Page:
Progress has been slow at the Douglass Community Center (DCC). The $250,000 allocated in the current year’s budget for fire safety and accessibility issues has been tapped into for mold testing, mold remediation, and an expensive structural analysis. Metro Parks is concerned that water leaking into the basement over years has caused structural damage, however, the SOC has consulted with other architects who have explained that this is highly unlikely and were at a loss to imagine a scenario where that would occur. Other structural concerns include load bearing limitations in a structure built as a family home but being used for group activities. Modifications can be made to reinforce the structure for higher density use, if needed, but the question of investing tax payer dollars arises. Metro Parks says they are willing to have that discussion, and so are we. We believe the Douglass Community Center is worth the investment.
We are continuing to work with Metro Councilman Tom Owen as well as State Representative Mary Lou Marzian. Both were seeking funding for the Douglass Community Center, but final budgets were not ready when this newsletter went to press. However, money isn’t the only problem. When Parks Director Seve Ghose spoke at the HDNA Annual Meeting, he commented on the low rates of attendance for programming outside of Adapted and Inclusive Recreation(AIR) asking, “So, how do you justify keeping a facility open if you’re not, if you don’t even avail it at the minimum levels?” Luckily, he seemed willing to give the DCC a chance. He promised longer hours and increased programming at all community centers. AIR recently moved to the Berrytown YMCA. That will open up time and programming opportunities. Let’s show Parks that we love our center by using it! The more people use it, the harder it will be for Parks to close it, and the more likely they are to invest in its future.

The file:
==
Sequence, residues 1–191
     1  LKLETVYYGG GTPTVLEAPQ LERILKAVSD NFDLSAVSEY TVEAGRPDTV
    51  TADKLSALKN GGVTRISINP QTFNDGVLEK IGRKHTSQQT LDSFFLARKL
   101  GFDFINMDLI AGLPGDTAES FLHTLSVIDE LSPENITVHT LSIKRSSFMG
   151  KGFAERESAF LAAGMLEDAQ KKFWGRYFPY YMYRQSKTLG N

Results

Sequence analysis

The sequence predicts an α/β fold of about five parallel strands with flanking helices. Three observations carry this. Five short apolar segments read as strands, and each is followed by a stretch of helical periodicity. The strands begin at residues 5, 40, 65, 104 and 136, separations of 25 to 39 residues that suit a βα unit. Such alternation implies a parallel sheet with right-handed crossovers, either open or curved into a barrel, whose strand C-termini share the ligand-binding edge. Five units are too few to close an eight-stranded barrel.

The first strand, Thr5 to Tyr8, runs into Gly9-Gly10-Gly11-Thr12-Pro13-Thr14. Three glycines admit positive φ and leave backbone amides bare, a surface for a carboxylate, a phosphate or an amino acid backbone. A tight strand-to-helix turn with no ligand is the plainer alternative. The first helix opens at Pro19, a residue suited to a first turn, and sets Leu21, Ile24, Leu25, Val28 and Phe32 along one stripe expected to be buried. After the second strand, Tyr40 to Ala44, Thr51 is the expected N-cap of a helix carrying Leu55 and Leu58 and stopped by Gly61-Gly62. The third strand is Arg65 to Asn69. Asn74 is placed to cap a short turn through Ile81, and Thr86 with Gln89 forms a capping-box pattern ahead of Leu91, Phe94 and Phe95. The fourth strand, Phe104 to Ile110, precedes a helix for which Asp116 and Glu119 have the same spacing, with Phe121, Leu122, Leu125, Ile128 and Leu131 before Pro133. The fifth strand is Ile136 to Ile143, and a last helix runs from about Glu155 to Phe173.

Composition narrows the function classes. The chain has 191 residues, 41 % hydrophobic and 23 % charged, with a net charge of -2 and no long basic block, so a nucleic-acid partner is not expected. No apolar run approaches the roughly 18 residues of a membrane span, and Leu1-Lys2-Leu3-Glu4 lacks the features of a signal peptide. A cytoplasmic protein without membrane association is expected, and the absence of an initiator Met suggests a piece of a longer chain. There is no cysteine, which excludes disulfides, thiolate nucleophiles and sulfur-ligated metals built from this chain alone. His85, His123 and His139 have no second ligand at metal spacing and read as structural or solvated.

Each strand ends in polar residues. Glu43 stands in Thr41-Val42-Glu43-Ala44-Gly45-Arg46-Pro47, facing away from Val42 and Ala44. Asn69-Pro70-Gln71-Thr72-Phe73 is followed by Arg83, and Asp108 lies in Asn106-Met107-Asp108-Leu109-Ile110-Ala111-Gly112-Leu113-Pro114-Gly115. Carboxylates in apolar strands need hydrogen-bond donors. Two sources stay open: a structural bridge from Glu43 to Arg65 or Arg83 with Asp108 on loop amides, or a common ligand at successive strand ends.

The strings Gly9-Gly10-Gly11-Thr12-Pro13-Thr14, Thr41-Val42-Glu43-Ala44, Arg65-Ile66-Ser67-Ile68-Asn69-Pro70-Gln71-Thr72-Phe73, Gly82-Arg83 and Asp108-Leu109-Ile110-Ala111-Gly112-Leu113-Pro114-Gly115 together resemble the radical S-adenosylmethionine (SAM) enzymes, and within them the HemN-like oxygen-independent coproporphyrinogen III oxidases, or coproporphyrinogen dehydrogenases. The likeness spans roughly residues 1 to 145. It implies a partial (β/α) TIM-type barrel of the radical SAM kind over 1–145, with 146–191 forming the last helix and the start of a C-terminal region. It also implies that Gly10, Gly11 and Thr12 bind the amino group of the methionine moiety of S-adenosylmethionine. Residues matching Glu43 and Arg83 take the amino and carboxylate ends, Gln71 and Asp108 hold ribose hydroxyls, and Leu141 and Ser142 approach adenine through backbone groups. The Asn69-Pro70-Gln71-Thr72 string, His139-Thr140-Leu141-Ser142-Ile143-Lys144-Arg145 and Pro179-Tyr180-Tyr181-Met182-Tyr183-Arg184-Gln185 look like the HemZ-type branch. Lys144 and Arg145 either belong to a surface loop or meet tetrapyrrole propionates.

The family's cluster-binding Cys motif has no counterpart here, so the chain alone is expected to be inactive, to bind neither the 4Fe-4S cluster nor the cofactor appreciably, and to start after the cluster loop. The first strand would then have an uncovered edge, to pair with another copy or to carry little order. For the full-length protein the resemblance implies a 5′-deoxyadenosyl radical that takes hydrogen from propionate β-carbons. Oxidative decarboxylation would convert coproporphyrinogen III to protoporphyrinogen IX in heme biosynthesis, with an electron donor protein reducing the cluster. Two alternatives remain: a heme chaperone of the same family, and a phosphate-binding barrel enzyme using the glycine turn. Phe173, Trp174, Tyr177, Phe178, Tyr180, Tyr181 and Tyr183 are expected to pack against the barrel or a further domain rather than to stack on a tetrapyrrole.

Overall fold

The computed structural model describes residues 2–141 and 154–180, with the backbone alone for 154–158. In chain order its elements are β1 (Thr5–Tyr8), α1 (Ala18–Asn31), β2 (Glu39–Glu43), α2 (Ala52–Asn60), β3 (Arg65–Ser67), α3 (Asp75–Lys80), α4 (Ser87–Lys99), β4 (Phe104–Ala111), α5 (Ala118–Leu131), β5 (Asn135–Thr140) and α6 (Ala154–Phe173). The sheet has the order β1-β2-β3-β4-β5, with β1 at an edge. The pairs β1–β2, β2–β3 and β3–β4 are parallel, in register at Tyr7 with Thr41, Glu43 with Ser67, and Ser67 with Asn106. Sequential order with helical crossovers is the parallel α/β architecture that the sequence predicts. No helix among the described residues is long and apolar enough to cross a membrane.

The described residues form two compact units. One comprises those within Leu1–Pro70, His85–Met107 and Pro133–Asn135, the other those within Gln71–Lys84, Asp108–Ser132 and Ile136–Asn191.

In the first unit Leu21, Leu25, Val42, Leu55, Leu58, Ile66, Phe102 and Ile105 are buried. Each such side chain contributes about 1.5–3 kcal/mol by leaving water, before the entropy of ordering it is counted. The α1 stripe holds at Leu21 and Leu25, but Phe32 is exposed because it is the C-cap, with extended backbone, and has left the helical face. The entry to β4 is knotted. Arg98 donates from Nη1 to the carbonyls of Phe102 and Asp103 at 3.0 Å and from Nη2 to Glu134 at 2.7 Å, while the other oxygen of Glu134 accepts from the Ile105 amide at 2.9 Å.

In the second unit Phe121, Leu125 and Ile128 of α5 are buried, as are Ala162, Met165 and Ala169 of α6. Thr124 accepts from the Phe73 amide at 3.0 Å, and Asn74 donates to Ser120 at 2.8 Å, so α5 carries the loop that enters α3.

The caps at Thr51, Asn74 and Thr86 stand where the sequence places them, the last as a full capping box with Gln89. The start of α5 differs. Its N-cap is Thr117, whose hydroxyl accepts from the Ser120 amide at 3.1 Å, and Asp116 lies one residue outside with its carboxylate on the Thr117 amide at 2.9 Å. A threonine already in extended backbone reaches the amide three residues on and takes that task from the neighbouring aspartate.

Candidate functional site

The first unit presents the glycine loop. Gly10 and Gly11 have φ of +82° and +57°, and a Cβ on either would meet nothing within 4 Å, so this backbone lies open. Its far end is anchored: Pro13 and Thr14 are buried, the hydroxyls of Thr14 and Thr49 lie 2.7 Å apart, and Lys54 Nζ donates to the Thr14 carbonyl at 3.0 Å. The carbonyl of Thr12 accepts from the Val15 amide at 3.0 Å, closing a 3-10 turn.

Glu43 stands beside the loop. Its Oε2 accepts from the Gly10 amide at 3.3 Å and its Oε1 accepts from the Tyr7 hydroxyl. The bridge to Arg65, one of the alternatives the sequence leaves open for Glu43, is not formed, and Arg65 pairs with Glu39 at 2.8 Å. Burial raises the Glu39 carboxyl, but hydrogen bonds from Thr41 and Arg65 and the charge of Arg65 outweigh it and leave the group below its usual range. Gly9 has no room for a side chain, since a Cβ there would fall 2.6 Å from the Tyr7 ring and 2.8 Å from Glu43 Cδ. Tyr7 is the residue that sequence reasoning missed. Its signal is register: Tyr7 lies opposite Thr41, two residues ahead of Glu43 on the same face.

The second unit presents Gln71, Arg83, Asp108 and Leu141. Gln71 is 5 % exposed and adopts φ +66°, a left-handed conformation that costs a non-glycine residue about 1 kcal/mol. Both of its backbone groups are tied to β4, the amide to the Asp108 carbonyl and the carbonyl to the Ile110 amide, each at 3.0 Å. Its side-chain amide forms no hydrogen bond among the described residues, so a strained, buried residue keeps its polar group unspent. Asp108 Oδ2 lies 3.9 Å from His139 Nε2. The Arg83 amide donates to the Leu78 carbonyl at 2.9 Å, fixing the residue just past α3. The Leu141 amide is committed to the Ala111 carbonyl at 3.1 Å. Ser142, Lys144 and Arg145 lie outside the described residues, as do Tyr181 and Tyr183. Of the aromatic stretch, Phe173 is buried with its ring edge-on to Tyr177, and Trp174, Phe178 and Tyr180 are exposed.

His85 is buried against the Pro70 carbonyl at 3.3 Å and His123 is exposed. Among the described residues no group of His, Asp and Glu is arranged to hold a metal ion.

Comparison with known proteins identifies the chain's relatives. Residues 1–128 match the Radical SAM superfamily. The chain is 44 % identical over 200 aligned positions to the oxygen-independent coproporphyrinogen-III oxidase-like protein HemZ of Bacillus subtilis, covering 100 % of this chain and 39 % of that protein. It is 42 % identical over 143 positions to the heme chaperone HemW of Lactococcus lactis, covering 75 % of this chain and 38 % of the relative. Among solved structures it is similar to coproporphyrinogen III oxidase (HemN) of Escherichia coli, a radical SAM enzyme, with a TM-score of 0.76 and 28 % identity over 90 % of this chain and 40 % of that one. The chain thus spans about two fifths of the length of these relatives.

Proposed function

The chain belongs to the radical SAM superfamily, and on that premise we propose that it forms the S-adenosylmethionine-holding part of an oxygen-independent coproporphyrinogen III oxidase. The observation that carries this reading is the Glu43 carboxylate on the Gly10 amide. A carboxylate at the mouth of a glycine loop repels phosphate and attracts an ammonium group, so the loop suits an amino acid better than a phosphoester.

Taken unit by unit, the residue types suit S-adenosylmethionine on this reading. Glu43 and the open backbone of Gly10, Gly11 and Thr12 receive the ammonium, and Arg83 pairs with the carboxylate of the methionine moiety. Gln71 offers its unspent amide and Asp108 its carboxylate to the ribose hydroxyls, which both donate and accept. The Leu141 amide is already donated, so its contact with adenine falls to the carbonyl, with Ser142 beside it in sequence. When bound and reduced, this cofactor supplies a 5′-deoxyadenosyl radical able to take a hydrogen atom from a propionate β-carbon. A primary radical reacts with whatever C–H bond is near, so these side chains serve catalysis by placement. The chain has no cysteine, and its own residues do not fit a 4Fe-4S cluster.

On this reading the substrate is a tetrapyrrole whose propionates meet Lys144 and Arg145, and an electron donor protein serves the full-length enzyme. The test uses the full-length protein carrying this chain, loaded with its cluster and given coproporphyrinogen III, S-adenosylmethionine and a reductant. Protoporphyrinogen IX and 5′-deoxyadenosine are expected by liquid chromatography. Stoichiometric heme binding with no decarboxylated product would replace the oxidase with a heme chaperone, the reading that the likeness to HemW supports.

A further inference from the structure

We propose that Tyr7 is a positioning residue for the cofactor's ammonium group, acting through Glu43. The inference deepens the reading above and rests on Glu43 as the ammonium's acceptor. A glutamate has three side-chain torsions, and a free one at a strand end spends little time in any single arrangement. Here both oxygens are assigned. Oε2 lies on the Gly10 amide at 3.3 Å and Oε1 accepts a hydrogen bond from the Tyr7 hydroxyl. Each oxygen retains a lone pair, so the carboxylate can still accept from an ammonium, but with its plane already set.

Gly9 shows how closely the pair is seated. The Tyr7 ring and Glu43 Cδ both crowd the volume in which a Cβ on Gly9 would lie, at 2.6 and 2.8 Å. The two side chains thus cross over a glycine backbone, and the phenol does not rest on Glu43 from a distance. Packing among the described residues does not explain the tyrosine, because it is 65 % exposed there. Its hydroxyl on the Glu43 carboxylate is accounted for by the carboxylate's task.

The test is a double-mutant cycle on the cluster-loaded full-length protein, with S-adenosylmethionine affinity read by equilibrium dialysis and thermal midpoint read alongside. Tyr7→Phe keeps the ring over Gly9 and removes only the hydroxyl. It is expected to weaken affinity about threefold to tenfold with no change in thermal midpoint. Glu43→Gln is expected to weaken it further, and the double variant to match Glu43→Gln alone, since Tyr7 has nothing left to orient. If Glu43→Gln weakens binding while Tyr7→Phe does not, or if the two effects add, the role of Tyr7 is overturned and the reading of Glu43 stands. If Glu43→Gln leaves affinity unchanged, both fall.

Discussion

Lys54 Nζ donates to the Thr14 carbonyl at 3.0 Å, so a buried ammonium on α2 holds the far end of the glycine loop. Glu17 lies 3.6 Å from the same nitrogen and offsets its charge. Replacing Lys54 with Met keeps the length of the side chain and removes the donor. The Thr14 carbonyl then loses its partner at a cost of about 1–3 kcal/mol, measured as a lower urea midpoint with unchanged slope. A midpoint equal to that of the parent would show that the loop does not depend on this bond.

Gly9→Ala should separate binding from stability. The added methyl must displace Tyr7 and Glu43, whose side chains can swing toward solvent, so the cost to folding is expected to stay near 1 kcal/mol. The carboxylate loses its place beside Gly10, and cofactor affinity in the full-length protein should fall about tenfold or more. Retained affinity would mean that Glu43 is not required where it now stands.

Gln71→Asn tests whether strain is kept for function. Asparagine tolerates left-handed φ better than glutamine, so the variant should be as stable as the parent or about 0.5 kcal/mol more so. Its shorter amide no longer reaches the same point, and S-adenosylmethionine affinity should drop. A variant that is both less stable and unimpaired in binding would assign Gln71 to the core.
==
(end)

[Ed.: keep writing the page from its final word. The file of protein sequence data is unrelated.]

While we were sad to see the Adapted and Inclusive Recreation program leave the Douglass Community Center, it is exciting to think of the new opportunities that await. The two staff remaining at the Center, Joey Blankenship and Chaz Bullard, are looking forward to the challenge of finding programming to fit the needs of the future users of the DCC. They welcome suggestions, and the Highlands-Douglass Neighborhood Association is doing a survey (www.highlandsdouglass.org/soc-survey) to see what people want. Metro Parks has also formed a citizens advisory panel for the Douglass Community Center, and HDNA board members will serve on that panel.